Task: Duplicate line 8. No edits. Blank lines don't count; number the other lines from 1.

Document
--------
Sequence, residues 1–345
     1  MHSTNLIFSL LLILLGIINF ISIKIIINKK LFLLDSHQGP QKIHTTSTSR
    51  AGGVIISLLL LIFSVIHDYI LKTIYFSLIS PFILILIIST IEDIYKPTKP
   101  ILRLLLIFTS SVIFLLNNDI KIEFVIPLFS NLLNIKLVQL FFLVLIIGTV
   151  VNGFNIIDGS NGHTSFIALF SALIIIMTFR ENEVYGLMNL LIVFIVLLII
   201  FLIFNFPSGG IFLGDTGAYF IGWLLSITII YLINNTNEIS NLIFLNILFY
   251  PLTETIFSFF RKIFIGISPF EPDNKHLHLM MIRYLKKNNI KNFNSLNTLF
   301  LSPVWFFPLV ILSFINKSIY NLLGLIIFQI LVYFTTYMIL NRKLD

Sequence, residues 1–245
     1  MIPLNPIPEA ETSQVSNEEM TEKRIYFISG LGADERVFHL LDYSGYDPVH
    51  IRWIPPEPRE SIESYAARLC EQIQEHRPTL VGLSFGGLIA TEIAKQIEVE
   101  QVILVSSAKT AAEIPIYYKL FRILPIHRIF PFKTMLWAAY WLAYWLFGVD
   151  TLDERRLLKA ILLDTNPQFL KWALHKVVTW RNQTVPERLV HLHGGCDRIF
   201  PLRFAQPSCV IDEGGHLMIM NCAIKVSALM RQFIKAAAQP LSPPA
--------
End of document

   301  LSPVWFFPLV ILSFINKSIY NLLGLIIFQI LVYFTTYMIL NRKLD